Choroidal nevus: a review of prevalence, features, genetics, risks, and outcomes

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Purpose of review

To review the prevalence, clinical features, imaging findings, cytogenetics, and risks and outcomes of choroidal nevus.

Recent findings

Choroidal nevus is a benign melanocytic tumor, often discovered incidentally on ophthalmic examination. This lesion is generally well circumscribed and pigmented. The prevalence of choroidal nevus in postequatorial region in United States adults (≥40 years old) is approximately 5%. Choroidal nevus is associated with higher lifetime unopposed estrogen and greater BMI. In population-based evaluation, the mean nevus basal dimension is approximately 1.25 mm. Giant nevus (basal dimension ≥10 mm) carries greater risk for malignant transformation. Imaging modalities for evaluation of choroidal nevus include ultrasonography, fundus autofluorescence, and optical coherence tomography (OCT). Fluorescein angiography is occasionally employed to detect multifocal pinpoint leaks or choroidal neovascular membrane. Recently, OCT angiography demonstrated nevus with minimal overlying macular microvascular changes compared with melanoma. Cytogenetically, GNA11 or GNAQ mutations have been documented in uveal melanoma in 83% and in some cutaneous nevus subtypes. Further mutations lead to the development of melanoma at a rate of one of 8845 cases. Risk factors for transformation of nevus into melanoma are recalled by the mnemonic ‘To find small ocular melanoma using helpful hints daily’ representing thickness (T) more than 2 mm, subretinal fluid (F), symptoms (S) of flashes/floaters/blurred vision, orange (O) lipofuscin pigment, margin (M) less than 3 mm from optic disk, ultrasonographic hollowness (UH), halo (H) absence, and drusen (D) absence. The presence of three or more risk factors implies more than 50% chance for transformation to melanoma within 5 years. A new, online ocular oncology reading center can help judge nevus risk.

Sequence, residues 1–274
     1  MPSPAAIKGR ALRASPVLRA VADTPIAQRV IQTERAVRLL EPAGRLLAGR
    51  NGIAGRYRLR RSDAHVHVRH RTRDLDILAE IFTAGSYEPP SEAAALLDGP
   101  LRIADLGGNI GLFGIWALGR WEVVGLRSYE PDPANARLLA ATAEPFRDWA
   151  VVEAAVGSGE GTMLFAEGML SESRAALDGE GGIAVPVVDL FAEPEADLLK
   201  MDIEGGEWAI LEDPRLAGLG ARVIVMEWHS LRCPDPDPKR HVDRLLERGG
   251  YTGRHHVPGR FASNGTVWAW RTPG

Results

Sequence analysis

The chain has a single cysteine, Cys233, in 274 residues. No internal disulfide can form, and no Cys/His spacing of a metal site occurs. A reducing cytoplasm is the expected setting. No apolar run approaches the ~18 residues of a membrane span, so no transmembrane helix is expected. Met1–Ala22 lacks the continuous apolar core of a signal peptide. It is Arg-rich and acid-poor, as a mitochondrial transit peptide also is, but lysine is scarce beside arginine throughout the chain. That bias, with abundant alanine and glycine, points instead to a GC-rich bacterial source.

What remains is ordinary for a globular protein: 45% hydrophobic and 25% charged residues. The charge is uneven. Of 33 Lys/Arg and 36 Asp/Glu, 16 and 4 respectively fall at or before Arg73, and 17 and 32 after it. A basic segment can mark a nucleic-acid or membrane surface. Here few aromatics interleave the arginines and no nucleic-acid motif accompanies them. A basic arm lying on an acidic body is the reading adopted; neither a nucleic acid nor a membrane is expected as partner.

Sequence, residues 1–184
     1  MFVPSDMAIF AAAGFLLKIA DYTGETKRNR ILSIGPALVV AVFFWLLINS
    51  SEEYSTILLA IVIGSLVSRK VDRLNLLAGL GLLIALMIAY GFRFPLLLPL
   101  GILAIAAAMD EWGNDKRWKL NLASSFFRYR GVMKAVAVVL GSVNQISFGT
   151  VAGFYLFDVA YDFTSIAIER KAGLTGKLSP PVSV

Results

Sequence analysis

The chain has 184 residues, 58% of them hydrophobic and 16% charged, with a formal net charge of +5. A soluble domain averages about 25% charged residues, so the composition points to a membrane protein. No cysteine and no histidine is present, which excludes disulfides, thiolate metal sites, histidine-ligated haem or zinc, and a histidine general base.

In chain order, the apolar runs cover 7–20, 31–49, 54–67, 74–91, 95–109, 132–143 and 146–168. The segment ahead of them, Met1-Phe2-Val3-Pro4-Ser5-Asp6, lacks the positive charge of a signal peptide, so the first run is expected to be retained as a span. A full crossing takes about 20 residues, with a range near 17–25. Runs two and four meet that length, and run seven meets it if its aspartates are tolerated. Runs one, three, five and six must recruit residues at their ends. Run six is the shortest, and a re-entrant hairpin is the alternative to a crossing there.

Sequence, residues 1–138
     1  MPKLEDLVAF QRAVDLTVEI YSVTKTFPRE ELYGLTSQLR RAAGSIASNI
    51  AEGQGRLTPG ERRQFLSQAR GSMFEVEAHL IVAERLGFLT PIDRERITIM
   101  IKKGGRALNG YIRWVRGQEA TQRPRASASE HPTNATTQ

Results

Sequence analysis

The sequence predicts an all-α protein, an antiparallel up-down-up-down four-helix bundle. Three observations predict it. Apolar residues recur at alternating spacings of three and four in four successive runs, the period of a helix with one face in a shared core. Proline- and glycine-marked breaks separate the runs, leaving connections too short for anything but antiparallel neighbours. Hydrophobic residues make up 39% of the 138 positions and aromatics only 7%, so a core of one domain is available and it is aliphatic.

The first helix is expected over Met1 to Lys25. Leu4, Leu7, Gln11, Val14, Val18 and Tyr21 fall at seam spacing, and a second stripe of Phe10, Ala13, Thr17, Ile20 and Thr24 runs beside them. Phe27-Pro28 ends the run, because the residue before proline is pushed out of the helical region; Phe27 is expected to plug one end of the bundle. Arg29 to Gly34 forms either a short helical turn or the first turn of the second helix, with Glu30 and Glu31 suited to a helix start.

Choroidal nevus is a common intraocular lesion, found predominantly in Whites. This mass carries a small risk (<1%) for malignant transformation. Patients with at least three risk factors should be evaluated for possible melanoma at an experienced ocular oncology center.

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